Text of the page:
This Friday a new youth curfew law, one of the strictest in the nation, will go into effect in Baltimore. It will require unaccompanied children under the age of 14 to be indoors by 9pm and 14, 15 and 16-year-olds to be indoors by 10pm on weekdays and 11 pm on weekends and during the summer. Children found out after the curfew will be picked up by police and brought to one of two curfew centers where the child's parents will then be called. Parents can face anywhere from a $30-$500 fine.
While the safety and well being of our youth is a top priority, criminalizing them and their parents is not the answer. As I have blogged about before, once inside our juvenile justice system, our youth find it very difficult to extricate themselves and all too often are funneled into the adult system. The ACLU is also extremely concerned that this law will further exacerbate existing disparities as in Baltimore as 97% of arrests are youth of color.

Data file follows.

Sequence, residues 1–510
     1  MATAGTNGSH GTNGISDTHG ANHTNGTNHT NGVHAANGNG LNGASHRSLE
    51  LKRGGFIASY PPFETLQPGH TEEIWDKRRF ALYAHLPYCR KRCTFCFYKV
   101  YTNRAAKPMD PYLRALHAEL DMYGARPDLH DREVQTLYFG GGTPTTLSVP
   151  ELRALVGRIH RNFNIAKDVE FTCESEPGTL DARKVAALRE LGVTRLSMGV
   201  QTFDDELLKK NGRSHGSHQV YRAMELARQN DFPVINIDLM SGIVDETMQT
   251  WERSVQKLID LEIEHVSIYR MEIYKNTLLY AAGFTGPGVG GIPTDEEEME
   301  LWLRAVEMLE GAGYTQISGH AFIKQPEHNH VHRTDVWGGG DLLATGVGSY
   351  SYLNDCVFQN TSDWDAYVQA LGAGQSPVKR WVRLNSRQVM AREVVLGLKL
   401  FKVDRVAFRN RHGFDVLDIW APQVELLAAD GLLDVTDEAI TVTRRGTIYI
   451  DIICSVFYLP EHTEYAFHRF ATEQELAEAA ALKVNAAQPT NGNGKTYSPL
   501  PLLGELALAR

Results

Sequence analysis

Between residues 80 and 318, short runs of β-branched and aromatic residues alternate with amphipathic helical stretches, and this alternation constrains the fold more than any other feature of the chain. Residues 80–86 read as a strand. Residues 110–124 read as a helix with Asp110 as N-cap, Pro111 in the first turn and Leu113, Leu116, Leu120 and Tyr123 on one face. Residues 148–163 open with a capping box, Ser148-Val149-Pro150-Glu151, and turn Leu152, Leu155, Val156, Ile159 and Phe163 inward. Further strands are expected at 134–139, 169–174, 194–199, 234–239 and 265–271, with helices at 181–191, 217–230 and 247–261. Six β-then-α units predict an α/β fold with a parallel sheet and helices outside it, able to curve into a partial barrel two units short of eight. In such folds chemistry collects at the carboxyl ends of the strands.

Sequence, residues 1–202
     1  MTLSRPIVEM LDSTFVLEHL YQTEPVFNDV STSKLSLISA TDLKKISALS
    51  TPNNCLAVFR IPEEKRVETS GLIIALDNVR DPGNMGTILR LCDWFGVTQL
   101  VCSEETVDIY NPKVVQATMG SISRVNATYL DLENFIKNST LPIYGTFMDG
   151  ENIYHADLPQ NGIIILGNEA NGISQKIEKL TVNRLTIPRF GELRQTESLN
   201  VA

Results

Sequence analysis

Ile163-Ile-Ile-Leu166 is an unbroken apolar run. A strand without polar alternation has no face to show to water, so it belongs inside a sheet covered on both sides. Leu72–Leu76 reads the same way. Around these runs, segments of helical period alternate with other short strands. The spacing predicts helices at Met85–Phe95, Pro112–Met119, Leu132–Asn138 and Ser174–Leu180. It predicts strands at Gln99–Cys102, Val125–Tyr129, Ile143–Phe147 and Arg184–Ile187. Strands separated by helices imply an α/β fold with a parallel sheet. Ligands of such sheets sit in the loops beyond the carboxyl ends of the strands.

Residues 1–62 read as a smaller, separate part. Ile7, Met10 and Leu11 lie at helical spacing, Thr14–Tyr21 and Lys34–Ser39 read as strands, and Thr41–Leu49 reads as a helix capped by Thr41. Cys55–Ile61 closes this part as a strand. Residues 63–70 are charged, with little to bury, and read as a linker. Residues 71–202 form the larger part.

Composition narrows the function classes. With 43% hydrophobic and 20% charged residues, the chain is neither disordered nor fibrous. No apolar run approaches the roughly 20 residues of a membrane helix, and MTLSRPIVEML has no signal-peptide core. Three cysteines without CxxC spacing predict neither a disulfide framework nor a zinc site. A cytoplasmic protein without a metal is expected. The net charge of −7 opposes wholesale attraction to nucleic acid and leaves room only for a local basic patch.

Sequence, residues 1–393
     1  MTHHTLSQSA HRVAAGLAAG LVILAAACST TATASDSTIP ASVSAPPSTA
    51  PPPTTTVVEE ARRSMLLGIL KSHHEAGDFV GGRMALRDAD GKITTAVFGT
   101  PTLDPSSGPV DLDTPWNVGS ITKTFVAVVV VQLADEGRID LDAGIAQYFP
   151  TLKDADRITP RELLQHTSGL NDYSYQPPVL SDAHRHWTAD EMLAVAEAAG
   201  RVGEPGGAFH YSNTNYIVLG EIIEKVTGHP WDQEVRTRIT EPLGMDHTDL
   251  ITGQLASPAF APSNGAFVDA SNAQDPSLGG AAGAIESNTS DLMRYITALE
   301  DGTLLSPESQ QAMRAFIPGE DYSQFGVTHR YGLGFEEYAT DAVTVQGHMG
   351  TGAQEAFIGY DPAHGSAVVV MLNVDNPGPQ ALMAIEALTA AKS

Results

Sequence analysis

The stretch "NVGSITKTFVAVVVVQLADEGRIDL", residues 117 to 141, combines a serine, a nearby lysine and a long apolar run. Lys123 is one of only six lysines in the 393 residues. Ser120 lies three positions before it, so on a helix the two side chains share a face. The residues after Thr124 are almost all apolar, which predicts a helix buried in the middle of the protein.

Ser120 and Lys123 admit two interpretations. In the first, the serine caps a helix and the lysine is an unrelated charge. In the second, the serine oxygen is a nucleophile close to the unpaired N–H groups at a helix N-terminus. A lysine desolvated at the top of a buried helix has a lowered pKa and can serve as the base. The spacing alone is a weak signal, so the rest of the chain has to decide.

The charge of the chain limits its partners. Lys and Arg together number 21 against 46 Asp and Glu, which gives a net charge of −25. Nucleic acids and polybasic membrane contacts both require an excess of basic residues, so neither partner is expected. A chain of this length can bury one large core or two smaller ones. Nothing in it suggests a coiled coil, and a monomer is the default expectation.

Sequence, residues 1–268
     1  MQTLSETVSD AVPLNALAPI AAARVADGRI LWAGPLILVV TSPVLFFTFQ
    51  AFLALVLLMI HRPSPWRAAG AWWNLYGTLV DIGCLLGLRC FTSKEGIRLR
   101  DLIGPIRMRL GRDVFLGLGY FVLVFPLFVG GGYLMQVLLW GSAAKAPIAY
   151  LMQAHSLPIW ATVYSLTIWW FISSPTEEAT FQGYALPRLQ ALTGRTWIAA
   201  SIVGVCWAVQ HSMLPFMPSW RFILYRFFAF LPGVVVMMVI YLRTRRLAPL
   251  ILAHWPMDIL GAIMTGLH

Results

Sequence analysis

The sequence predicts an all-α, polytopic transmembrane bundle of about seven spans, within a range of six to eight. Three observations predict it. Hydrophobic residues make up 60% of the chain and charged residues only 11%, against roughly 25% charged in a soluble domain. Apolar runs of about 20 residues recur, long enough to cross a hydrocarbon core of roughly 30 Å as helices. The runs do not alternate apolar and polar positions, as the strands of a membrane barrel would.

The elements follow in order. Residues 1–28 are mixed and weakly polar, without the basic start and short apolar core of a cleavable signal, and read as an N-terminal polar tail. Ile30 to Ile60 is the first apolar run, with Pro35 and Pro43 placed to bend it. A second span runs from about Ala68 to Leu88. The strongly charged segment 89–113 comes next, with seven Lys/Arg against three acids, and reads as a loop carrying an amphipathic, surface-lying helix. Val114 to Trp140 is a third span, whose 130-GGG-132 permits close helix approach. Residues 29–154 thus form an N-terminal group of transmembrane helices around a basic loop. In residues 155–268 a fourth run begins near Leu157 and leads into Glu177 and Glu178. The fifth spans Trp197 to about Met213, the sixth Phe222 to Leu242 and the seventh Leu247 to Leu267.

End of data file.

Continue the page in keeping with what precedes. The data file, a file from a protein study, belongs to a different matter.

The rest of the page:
As we have seen countless times, it is all too easy for our policy-makers to reach for the criminal justice Band-Aid to address the issue of the day. However, our criminal justice system is ill equipped to deal with many of the problems we throw at it and often makes the situation worse for those who find themselves inside the system. As ACLU Staff Attorney Sonia Kumar said in a letter to the New York Times, “Rather than invest in real solutions, Baltimore’s politicians passed a sweeping laws that cannot be fairly enforce and that will further criminalize youths.”